Doc filmmaker Jessica Edwards explores the life and legacy of Mavis Staples.
Mavis Staples is one alluring woman.
Jeff Tweedy called her the woman he loves more than anyone else in the world other than his wife, Prince sought her out and produced two albums for her on his Paisley Park Records label, and Bob Dylan—well—the poor sap proposed marriage and was sorely rejected.
Aside from these men in the music industry, she also captured the interest of Canadian documentarian Jessica Edwards who directed the HBO music doc Mavis!, premiering Monday, February 29. While Edwards’ filmography includes true stories on trash being turned into energy and the boating industry, Mavis! is a straight-forward rockumentary on soul legend and civil rights activist Mavis Staples and her family group The Staple Singers.
Taking a page from the Academy Award-winning 20 Feet From Stardom, Mavis! explores the hardships of maintaining creative control in the industry. It also sends a positive message about staying true to yourself in what can be a tear-you-down business.
The Staples family faces many identity crises (Are they too gospel for mainstream audiences? Are they too hip for church?). In the end, they played music they wanted to play and spread messages of peace they wanted to advance through their brilliant vocals and instrumentation. Long before Beyonce was getting into “Formation,” Mavis Staples and her family were singing “freedom songs” like “Why Am I Treated So Bad?” which gave white folks a case of the uneasies. This documentary comes at an important time in our culture. So much has changed, and yet it’s still not enough.
The Staples Singers lineup went through a series of changes with different members of the Staples clan in and out, but Mavis and her father “Pops” were the two mainstays. While most gospel groups had two or three lead singers, Mavis carried her family group and continues to carry on the name to this day with headlining performances at the Newport Folk Festival where she and her family got their start decades ago. Plus, with her sister Yvonne by her side, the 76-year-old still keeps it all in the family.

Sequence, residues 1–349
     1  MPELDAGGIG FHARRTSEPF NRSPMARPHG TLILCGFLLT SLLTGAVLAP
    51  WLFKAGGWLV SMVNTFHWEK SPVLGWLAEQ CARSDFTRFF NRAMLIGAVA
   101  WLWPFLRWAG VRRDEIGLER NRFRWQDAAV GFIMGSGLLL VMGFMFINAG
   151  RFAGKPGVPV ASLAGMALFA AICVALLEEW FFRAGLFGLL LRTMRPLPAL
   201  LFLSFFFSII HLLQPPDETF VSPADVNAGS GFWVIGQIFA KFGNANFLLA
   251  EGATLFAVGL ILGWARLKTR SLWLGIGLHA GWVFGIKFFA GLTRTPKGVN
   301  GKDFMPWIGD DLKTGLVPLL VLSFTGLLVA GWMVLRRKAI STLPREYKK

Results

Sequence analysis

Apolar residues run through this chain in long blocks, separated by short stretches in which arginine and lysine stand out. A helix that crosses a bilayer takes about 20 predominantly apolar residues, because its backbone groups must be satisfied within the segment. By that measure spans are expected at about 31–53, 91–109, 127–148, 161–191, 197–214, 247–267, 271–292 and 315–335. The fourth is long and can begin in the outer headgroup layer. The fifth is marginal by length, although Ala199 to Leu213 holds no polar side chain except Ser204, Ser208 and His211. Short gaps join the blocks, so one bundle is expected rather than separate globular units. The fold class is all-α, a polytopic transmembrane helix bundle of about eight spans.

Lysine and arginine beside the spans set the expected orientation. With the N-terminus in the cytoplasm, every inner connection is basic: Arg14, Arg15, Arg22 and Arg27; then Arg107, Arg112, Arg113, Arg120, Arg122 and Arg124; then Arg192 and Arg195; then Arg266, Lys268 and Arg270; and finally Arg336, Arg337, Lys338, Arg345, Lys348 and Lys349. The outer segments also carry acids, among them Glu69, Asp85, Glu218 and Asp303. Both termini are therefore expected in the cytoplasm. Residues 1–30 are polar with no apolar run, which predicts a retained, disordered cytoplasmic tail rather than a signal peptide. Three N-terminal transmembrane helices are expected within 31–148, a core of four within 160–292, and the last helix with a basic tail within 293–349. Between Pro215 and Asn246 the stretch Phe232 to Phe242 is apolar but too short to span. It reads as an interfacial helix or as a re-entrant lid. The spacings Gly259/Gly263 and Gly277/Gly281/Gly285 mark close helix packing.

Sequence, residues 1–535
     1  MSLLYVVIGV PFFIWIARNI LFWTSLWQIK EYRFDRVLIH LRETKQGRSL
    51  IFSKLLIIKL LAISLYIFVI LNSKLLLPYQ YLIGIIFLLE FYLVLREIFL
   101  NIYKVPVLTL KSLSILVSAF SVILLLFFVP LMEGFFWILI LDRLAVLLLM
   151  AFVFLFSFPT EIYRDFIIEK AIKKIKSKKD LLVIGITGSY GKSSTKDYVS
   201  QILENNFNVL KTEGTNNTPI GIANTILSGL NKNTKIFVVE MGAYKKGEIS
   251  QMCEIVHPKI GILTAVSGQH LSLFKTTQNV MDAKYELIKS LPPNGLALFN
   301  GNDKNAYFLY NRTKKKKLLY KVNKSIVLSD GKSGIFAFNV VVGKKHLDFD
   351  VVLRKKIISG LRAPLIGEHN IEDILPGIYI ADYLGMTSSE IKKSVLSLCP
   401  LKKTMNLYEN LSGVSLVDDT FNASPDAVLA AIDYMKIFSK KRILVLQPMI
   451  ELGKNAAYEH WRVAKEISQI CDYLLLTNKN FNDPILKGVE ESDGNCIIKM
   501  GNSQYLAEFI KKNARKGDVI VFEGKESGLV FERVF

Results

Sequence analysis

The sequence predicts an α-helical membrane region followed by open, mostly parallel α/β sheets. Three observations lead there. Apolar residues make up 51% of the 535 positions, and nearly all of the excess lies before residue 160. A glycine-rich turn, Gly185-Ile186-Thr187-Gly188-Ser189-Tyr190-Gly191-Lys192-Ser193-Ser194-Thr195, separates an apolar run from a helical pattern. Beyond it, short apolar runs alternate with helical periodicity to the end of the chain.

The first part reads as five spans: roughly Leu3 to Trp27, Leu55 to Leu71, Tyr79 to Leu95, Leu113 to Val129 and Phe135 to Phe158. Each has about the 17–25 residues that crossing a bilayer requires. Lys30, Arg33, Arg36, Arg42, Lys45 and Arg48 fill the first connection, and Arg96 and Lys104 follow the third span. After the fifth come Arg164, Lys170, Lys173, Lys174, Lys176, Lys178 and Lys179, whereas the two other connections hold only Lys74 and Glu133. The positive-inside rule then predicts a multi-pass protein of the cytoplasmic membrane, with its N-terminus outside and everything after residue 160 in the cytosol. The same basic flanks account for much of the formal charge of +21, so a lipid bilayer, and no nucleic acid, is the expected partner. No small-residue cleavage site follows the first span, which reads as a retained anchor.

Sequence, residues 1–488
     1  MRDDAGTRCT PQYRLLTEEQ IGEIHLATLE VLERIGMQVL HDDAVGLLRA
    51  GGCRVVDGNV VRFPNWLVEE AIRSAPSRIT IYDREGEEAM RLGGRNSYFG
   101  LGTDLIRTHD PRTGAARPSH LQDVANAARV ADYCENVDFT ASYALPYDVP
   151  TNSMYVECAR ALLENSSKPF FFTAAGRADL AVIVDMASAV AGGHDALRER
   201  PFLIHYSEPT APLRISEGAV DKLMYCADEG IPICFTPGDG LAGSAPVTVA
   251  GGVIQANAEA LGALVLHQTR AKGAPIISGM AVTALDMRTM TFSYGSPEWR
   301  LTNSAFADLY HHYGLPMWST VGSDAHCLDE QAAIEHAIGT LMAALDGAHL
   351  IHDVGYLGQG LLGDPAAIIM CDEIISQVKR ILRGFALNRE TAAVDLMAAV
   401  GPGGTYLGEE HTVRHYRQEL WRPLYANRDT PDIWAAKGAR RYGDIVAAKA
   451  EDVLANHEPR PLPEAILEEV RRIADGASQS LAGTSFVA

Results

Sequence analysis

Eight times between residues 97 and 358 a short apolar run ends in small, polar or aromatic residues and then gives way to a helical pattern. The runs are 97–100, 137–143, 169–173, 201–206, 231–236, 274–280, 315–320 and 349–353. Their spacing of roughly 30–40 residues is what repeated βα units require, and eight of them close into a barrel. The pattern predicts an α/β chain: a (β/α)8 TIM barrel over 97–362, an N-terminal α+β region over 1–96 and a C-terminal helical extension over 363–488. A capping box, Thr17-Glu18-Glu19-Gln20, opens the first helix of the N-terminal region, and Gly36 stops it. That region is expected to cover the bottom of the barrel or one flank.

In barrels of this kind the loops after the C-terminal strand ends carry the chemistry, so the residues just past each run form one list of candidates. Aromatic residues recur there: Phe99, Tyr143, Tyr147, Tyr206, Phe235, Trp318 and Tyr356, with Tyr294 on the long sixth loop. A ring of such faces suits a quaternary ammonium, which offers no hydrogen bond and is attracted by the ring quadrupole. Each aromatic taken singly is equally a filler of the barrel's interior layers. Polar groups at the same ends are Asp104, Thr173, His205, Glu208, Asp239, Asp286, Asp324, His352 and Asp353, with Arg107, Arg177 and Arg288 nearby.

The name Mavis Staples may not be as well-known as Aretha Franklin, but she’s gained some mad hipster cred with appearances on The Late Show with Stephen Colbert and her connection to Wilco’s Jeff Tweedy. Tweedy produced her 2010 album You Are Not Alone which went on to win the Grammy for Best Americana Album. The documentary highlights this reclaim to fame and also includes her lows when she couldn’t get anyone to sign her.
Family musical acts don’t always have happy endings, but this is one story that’s uplifting. One reason why Mavis continues to perform and attract the attention of so many today is because of her positive connection to her family. The scene with Mavis listening to her now-deceased father perform is a moving testament to the power of kinship and the faith that not all show business stories end so cynically.